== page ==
New Study Shows Strong Newspaper Readership in Canada's Big Cities

By: Mark Fitzgerald More than three-quarters of adults in Canada's biggest markets read a daily newspaper in any one week, according to the latest readership study from NADbank Inc. released Wednesday.

The study of the nation's largest markets -- Toronto, Ottawa-Gatineau, Montreal, Calgary, Edmonton and Vancouver -- found that 77% of adults surveyed said they had read a daily in print or online in the past week. NADbank, or Newspaper Audience Databank, is the principal research arm of the Canadian daily newspaper industry.

While online readership boosted the bottom line in all markets, many of the 29 dailies in the largest markets also showed increases in print readership.

For instance, in Canada's biggest market, readership of the Toronto Star increased to 974,000 for the weekday print edition, up from 929,000 in the year-ago period.

Toronto-area print readership of the nationally circulated Globe and Mail increased 2.7% to 407,200, and the National Post ticked up 0.5% in print readership in the market.

Print and online readership of the Star in the "read yesterday" category jumped by 4.8%.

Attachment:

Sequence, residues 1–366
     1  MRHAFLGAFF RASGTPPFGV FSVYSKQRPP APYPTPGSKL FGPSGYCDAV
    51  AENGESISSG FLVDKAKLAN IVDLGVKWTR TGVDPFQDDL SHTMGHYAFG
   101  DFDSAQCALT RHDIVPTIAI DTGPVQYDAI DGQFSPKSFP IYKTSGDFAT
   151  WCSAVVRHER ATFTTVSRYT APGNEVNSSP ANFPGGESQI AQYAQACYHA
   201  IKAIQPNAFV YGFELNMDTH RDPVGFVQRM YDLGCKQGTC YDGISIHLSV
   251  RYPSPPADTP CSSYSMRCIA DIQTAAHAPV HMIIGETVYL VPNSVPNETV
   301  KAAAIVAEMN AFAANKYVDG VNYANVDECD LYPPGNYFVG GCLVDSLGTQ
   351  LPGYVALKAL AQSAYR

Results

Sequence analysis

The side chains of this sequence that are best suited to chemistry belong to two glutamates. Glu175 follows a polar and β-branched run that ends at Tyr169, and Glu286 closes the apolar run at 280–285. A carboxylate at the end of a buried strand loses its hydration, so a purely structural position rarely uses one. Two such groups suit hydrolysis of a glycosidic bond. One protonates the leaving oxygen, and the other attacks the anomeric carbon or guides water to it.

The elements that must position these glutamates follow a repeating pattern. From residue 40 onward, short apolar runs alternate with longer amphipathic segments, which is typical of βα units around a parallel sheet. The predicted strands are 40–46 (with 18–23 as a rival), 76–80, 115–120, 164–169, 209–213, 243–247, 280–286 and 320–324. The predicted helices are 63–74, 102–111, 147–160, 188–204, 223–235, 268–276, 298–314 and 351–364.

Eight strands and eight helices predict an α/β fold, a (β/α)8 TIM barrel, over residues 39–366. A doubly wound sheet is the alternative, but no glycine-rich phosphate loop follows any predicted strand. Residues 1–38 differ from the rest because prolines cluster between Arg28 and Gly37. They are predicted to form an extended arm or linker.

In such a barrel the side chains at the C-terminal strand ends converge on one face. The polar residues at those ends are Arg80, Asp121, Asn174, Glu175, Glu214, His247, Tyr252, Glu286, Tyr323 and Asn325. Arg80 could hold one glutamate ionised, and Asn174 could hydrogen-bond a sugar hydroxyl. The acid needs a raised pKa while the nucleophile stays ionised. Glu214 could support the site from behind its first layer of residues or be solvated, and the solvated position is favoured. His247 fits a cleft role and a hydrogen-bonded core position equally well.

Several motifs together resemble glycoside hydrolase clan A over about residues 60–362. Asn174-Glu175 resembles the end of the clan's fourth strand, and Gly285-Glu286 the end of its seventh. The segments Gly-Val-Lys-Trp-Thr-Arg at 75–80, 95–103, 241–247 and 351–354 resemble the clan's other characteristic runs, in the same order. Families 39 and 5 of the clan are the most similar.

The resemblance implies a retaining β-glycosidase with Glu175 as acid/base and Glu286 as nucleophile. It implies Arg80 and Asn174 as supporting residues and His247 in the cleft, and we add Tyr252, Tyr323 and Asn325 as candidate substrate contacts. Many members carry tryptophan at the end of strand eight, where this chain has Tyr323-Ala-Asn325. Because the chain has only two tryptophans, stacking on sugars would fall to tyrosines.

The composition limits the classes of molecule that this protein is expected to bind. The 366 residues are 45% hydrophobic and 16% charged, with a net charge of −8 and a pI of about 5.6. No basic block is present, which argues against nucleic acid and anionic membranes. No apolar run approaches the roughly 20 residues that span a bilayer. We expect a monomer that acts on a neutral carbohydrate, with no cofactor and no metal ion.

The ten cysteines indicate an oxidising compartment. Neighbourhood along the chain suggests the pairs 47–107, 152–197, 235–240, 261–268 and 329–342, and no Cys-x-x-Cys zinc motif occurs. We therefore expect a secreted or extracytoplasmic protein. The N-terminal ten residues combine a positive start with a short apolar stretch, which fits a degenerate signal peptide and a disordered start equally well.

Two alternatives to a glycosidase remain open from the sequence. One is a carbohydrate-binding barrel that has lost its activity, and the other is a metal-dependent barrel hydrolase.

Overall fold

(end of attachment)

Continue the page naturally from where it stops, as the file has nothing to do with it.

"We are extremely pleased with these results," Star publisher John Cruickshank said in an article in the paper Wednesday. "They indicate that the efforts by everyone at the Star and to produce a quality newspaper and an informative and lively website are being favorably received by readers of all ages throughout the greater Toronto area."

Overall in Toronto, 75% of adults 18 and over read either a printed or online edition of a daily newspaper. Online readership in the market jumped 25%.

In Ottawa-Gatineau, readership reached 80% of all adults. Readership was 79% in Calgary and Edmonton. The three markets also had the biggest increases in online readership, with 28% in Ottawa, Toronto, 25% and Calgary 22%.


No comments on this item Please log in to comment by clicking here